Monday, November 29, 2010


Have you ever had a program or idea announced by someone in authority that you know
was a “sham” or unworkable, but you were told it was in your best interest, in other
words, it was “Doomed to Succeed”, no matter what you thought of the merits of that
proposal or idea?

As a classroom teacher for over 30 years, I witnessed many of these proposals or ideas that were “Doomed to Succeed” by overly optimistic and sometimes totally naïve school administrators.

For example, back in the 1970’s, some genius in authority decided that a structured
classroom was too stifling for students which hindered their self-expression and inhibited their self-esteem. These “experts” thought the “open classroom” (the name given to this type of teaching environment) was the answer to making “learning” fun again, but, as a result, it had a negative effect on the school atmosphere as discipline deteriorated, students learning suffered, and many teachers were found to be ill-equipped and some even lost control of their classrooms. The “tail was wagging the dog”.

I don’t think this type of thinking has left the psyche of today’s educational establishment and it has had a sub-conscious effect on the “dumbing down” of American education. Whenever the learning atmosphere in a school deteriorates, it has a detrimental effect on all aspects of the school. The curriculum gets watered down, and the grades get inflated to make up for the lack of meaningful education taking place.

In the political world, we see today, the politicians, in power, pushing programs that are not beneficial to us or our society, but due to political considerations, they are pushing these proposals and proposed laws down the throats of the citizenry – in other words, these proposals and proposed laws are “Doomed to Succeed” and the public be damned as they, the politicians, know what’s better for us than we do ourselves.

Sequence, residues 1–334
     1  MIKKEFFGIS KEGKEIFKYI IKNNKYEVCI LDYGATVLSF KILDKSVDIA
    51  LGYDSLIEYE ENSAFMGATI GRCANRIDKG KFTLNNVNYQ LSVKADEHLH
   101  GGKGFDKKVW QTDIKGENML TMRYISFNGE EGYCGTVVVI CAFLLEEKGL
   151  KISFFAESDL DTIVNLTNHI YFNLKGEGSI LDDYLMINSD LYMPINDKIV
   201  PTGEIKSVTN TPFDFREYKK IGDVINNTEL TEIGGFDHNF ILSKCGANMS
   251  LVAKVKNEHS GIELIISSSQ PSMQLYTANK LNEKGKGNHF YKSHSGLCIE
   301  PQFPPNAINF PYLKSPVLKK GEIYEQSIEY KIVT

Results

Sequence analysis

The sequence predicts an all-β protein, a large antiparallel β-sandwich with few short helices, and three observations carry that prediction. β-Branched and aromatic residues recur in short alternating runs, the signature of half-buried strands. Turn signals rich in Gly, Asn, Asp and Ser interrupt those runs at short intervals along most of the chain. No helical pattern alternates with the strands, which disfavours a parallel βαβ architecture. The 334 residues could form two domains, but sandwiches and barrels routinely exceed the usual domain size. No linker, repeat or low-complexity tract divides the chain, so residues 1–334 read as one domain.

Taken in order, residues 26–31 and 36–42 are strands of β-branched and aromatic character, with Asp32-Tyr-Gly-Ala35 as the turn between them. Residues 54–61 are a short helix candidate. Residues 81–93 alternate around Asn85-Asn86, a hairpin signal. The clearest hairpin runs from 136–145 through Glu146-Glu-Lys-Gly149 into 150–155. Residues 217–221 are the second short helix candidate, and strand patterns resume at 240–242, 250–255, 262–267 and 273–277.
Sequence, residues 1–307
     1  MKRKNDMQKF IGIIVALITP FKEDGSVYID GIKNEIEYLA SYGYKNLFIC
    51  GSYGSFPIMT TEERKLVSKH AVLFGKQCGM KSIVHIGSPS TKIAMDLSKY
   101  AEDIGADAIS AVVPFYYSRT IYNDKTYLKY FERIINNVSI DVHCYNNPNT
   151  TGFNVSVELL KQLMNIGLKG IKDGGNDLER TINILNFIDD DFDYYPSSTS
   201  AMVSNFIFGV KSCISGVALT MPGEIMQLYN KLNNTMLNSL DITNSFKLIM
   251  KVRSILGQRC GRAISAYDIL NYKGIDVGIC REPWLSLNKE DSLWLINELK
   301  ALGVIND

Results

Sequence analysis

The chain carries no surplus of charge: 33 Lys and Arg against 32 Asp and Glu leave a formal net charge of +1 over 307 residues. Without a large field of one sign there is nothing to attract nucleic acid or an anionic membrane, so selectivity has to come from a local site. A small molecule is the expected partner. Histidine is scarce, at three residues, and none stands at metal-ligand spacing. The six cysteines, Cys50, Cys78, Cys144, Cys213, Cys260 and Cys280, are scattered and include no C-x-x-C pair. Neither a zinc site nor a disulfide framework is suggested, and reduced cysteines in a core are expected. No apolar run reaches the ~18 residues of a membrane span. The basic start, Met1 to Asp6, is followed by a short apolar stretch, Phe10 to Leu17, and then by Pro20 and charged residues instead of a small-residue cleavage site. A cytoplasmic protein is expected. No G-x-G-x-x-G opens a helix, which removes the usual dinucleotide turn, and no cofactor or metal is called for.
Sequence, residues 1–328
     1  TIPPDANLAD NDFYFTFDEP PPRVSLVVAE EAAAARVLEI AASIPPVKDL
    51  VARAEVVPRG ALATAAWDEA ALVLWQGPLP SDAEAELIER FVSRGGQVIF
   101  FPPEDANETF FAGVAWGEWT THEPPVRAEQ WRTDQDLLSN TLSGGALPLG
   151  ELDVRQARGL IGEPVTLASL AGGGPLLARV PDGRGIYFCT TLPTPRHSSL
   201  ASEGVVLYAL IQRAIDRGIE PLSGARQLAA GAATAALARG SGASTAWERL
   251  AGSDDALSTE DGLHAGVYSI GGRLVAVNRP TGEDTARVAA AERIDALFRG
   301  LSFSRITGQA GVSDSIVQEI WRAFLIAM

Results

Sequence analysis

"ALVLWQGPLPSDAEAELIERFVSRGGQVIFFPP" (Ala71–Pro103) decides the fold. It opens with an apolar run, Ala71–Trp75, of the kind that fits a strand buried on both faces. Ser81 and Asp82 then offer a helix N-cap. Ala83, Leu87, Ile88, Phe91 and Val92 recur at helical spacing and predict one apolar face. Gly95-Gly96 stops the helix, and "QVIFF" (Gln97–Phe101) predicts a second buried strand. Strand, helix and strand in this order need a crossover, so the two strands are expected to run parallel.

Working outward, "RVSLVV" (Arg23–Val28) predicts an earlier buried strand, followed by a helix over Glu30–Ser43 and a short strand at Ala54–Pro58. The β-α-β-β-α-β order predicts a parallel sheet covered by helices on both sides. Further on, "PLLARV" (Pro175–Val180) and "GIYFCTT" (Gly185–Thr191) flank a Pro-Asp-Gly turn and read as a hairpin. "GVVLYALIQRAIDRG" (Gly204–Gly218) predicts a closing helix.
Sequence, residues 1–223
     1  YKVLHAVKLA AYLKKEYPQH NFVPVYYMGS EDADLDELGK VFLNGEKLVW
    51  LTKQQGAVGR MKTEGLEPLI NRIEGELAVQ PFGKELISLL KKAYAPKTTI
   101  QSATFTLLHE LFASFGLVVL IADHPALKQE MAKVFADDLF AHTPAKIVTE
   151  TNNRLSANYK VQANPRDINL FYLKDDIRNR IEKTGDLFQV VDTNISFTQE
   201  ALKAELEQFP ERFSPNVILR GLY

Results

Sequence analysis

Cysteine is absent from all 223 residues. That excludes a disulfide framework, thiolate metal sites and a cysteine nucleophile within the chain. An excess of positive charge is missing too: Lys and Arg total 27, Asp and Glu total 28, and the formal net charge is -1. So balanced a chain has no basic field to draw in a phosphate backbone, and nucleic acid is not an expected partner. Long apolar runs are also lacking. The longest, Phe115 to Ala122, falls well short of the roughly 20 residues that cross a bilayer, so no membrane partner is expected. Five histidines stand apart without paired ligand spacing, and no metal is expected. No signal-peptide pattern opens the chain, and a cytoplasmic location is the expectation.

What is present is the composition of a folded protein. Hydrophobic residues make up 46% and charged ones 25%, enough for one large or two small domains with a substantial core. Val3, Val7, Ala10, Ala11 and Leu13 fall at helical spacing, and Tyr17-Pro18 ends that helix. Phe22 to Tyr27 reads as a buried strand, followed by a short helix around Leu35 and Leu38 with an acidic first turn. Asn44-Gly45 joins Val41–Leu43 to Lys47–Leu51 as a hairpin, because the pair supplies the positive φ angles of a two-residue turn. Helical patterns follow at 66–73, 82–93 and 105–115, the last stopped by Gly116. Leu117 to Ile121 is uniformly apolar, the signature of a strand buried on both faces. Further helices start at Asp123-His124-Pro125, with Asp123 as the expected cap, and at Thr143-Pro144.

We have a great health care system, the best in the world, but it can be very expensive to access by the average family. Everyone knows that some reform is needed, but the question is, which reform should be implemented to solve the problem. Just because you call something reform doesn’t make it reform. In a simplistic definition, the liberals want to throw out the present system and to institute a government- run system (to lead into a single-payer system, ala Canada), whereas the conservatives want to fix the affordability problem and keep the means of providing health care into the private sector, with doctor and patient in charge, with minimal interference from the government.

The liberals using heart tugging anecdotal medical hardships claim that the government is the only entity that can bring health insurance to the 5% of our citizens who want or need health insurance, but who cannot afford it. A complete “transformation” is their goal. The conservatives say that is like “throwing out the baby with the bathwater”, and in the process will bankrupt our economy, foster health care rationing, creating long lines waiting to get health care, and raise our taxes, which might just keep us in a stifling recession that might just lead us into becoming like a third-world nation.

My position is that I don’t want the liberals to succeed in their destructive endeavor. I hope that their naive health care proposals will not be “Doomed to succeed”. It’ll be interesting to see how this will play out in the future, and whether the voice of the people will finally be heard by our elected representatives.

Conservative commentary by Chuck Lehmann

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1 comment:

Ron Grimaldi said...

Public schools should not be shut down, but they should be forced to compete with alternative venues, as other kinds of enterprises have to compete against. Whether or not Sony HDTV is better than Sharp HDTV, both are better than they would be if either had a monopoly. Give parents the means to make a choice for the school their children can attend, the monopoly, one-size fits all system, we have now, perpetuates the mediocrity that is prevalent today in our education system. Competition breeds excellence.